• Organize your office so the door isn't in your immediate line of vision. The big payoff is that people can't appear at your door, hover, catch your eye and distract you. If you make it harder to interrupt you, people may figure out answers themselves rather than asking you.

  • When you have to give out an e-mail address to somebody who's going to send you things you don't want in your inbox, give them a special "junk" e-mail address. Then set up a rule so that everything to that address goes to a folder you review on your timetable.

  • When somebody interrupts you to ask you a question always reply with a question back. Ask them how they would deal with it, and make them think proactively rather than just relying on you. A good technique is to ask: "If I wasn't available today, what would you do?"

  • If your key customers expect you to answer the phone at all times, get an Internet phone line and give them a "VIP" phone number to call. Set it up with a unique ring on your system and you'll know that calls on that line are from your most important customers.

  • Most people have a “To Do” list to record the tasks they need to "Get Done", but it doesn't help identify what you shouldn't do yourself. For that you need a “To Don’t” list. Identify the culprits, put them on the list and defend your time by assigning them elsewhere. 

  • E-mails have overtaken the phone now as the most dangerously effective of all Time Bandits. Turn off your e mail alert and check your e-mail only four times a it on your schedule not the schedule of the people who are interrupting your more productive work.

  • E-mails have overtaken the phone as the most dangerously effective of all time wasters. The worst thing is the e mail alert that pops up on your computer screen. Don't let other people interrupt you in this way and take back control of your time by turning the alert off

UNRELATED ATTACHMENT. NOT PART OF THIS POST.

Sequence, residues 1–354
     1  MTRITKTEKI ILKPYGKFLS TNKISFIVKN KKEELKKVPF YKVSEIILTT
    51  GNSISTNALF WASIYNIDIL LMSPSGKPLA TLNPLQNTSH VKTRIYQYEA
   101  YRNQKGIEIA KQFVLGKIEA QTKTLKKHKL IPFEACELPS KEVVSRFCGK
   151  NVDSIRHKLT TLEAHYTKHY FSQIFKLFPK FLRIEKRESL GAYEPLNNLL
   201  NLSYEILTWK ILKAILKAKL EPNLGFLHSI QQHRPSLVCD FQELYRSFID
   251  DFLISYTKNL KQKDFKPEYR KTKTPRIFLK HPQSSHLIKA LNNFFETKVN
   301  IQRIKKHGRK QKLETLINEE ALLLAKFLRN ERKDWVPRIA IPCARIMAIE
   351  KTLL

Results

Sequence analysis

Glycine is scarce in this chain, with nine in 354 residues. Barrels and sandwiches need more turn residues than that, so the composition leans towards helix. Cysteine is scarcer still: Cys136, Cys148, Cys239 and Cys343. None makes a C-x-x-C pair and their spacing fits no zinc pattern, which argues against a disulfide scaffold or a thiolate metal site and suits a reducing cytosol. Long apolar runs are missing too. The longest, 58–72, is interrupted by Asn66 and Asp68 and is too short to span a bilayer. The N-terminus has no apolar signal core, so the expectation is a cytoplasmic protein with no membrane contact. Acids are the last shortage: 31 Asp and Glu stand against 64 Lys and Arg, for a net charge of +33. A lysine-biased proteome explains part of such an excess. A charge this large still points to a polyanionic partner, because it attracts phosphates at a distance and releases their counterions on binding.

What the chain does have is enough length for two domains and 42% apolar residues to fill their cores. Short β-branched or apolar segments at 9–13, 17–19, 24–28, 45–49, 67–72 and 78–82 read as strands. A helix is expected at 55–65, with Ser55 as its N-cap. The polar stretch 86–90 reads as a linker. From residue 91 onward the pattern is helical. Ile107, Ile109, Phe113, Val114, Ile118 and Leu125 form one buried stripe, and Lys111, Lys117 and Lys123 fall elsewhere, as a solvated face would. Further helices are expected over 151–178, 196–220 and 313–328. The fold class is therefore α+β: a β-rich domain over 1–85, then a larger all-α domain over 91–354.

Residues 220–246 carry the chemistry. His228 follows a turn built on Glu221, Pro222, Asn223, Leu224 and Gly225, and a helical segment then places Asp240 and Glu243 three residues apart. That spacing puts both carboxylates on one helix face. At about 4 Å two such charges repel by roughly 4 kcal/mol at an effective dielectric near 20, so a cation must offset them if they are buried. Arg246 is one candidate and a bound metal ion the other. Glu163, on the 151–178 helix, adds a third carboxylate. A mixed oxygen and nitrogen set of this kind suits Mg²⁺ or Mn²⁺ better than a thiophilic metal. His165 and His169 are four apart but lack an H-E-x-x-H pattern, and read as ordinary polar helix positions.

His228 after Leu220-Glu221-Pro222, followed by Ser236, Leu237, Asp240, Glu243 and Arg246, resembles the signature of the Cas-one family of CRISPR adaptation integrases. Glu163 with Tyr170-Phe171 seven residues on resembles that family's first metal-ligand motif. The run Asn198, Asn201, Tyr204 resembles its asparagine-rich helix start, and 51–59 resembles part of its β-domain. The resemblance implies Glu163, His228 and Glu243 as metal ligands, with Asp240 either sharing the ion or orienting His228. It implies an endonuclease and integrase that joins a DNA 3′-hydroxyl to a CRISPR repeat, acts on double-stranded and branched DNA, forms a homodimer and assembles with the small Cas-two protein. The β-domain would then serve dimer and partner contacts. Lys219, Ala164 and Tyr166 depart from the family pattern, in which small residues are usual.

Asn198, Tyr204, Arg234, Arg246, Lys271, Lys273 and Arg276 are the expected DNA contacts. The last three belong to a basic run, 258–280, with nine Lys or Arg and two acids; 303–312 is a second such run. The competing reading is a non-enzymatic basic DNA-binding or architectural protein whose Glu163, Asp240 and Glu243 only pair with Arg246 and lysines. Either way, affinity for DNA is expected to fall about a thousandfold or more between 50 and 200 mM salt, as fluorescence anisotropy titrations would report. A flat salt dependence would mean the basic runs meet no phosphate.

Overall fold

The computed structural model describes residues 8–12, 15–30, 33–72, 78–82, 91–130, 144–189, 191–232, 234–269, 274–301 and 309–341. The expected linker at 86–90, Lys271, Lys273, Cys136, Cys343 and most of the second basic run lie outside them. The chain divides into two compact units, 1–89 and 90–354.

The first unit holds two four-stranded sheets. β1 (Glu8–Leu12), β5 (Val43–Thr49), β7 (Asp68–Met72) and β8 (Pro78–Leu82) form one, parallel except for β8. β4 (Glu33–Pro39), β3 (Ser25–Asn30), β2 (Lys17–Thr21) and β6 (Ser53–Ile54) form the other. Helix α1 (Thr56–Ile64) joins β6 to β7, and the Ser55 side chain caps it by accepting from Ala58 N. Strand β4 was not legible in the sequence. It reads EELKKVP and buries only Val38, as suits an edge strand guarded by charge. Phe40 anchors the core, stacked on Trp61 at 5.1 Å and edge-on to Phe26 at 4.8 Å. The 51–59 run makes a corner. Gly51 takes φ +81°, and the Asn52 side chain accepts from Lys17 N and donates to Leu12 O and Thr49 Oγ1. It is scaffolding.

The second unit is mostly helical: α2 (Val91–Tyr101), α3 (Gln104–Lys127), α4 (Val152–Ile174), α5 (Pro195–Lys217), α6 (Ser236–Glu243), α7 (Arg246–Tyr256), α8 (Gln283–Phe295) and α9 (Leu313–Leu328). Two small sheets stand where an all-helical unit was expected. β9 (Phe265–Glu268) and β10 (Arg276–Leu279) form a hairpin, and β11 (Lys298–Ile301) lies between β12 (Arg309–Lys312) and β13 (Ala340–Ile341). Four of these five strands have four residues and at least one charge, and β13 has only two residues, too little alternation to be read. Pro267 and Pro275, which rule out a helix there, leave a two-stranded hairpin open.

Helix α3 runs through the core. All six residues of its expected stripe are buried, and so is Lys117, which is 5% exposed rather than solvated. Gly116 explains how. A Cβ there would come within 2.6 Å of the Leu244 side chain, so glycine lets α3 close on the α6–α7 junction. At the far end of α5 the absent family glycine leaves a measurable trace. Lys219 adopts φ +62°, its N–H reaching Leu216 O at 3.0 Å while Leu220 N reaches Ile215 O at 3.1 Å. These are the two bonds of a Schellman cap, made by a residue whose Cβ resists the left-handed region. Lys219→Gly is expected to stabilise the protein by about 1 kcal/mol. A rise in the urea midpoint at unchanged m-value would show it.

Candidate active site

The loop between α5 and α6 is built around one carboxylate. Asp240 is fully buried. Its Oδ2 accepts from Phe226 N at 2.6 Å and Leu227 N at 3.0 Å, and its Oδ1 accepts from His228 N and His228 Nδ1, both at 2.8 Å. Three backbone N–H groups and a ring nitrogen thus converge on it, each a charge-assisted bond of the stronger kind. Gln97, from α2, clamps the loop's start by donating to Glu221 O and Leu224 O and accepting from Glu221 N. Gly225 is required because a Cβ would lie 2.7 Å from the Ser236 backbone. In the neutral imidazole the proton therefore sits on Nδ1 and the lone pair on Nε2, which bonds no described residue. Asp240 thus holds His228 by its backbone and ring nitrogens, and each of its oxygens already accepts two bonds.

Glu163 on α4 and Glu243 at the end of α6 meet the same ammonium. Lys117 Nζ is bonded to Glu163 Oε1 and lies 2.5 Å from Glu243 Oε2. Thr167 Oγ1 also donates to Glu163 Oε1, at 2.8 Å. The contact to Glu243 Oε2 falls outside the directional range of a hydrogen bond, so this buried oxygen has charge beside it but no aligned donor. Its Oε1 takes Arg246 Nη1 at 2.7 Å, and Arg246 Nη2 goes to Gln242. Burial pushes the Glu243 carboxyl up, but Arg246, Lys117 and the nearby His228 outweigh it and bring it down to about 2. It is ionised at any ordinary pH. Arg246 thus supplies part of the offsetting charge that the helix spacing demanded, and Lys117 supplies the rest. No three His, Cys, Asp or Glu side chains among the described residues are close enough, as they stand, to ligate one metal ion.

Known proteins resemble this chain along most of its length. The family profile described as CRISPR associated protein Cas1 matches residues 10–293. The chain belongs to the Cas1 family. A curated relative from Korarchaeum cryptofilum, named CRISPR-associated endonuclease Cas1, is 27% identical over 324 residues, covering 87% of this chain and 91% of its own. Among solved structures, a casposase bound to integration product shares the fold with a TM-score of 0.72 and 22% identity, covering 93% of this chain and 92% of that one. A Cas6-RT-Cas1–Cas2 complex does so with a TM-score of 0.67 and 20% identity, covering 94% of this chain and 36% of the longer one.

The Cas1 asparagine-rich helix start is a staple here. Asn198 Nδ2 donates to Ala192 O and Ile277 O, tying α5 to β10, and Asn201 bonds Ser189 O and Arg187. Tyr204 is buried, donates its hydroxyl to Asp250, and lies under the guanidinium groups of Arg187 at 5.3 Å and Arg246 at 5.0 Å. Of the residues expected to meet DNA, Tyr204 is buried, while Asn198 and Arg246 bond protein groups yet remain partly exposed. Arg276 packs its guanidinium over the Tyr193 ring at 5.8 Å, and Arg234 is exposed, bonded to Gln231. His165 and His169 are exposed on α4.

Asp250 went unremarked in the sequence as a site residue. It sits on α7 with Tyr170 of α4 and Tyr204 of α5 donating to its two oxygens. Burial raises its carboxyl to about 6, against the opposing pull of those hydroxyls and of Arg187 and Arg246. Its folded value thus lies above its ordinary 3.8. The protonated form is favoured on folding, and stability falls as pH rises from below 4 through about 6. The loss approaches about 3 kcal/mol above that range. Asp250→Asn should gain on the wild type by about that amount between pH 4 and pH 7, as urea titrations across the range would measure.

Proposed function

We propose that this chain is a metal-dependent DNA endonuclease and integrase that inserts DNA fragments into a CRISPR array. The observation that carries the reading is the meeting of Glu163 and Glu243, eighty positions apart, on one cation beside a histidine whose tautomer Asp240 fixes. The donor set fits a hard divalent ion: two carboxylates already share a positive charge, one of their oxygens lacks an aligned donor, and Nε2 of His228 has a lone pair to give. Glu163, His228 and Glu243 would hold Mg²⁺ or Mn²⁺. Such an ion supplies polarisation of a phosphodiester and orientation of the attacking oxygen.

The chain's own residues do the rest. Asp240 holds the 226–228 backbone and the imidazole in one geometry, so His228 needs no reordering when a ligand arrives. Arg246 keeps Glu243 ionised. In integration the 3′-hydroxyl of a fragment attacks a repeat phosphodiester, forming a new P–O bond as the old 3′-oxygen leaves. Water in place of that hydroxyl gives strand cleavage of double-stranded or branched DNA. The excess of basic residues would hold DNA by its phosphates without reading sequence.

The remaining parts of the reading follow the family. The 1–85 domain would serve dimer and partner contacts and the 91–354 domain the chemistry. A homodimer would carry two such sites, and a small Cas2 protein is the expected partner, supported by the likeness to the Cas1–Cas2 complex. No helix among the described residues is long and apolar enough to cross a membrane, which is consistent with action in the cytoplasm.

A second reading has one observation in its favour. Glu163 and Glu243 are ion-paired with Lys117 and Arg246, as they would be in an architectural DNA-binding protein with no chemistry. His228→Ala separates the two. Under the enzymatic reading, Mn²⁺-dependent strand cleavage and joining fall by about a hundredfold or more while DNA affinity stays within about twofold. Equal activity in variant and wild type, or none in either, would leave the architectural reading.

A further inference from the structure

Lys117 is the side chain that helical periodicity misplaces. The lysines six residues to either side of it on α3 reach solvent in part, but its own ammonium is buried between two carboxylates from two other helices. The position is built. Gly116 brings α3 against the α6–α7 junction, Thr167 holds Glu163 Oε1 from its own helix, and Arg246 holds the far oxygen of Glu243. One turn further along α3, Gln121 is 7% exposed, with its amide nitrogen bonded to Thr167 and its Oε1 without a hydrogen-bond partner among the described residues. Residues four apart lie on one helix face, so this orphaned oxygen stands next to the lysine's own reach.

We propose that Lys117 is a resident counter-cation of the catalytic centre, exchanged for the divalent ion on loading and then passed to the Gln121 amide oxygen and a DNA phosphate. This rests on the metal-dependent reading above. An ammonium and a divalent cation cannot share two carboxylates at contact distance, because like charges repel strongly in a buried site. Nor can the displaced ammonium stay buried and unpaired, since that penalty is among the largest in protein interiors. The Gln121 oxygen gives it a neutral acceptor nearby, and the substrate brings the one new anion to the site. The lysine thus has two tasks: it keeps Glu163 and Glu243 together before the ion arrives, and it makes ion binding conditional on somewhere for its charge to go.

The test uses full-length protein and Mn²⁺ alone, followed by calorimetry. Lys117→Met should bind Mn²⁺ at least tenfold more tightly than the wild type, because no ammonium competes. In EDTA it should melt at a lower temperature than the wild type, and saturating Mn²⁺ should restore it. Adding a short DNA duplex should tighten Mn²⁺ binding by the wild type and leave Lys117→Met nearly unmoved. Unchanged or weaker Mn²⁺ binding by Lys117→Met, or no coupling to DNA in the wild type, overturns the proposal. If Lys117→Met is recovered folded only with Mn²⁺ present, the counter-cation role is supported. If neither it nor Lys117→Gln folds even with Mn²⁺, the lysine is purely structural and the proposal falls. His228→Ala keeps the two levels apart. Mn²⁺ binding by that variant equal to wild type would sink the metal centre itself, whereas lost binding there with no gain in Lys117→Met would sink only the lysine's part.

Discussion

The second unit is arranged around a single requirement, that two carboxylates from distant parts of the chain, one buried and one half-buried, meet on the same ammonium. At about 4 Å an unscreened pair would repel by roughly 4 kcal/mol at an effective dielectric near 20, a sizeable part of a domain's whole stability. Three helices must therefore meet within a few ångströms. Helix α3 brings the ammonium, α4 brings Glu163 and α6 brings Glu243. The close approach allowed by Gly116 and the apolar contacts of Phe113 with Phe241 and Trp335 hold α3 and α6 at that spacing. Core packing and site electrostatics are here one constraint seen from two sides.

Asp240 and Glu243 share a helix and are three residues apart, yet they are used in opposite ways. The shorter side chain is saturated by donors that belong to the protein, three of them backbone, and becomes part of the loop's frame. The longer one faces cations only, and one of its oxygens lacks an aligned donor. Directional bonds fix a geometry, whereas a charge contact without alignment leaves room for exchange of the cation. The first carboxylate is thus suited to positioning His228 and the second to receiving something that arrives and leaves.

• When somebody interrupts you while sitting at your desk, stand up. It changes the pace of the interaction and sends a message to the interrupter that they have invaded your time. The more you can send this message, the more effective you will become at protecting your time.

  • When somebody comes to you with an issue they should figure out themselves, don't allow yourself to relieve them of the burden and take it on yourself. Instead of saying "leave it with me" when this happens, say "never delegate upwards" and ask them for their solution.

  • Entrepreneurs wear so many of the hats in their business that many of the tasks they carry out are at a level way below the real value of their time. Are you working below your pay grade by not handing off menial tasks that should be done by others?

  • When you are hiring new employees, ask candidates about their time management abilities. The best employees are those that can prioritize their work and handle interruptions, so be sure to ask relevant questions to probe in those areas so that you hire somebody who has those skills.

  • Email has become a huge time-waster and taking control of your Inbox is becoming more critical than ever. The ideal state is only to have things in your Inbox that are important, urgent or time sensitive, and to put everything else automatically into folders using Rules governing what happens when they come in. I’ve been using Outlook Rules for a number of years to sort specific topics, but I recently came across a new rule that makes a dramatic difference.

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Most people have a “To Do” list to record the tasks they need to "Get Done", but it doesn't help identify what you shouldn't do yourself. For that you need a “To Don’t” list. Identify the culprits, put them on the list and defend your time by assigning them elsewhere.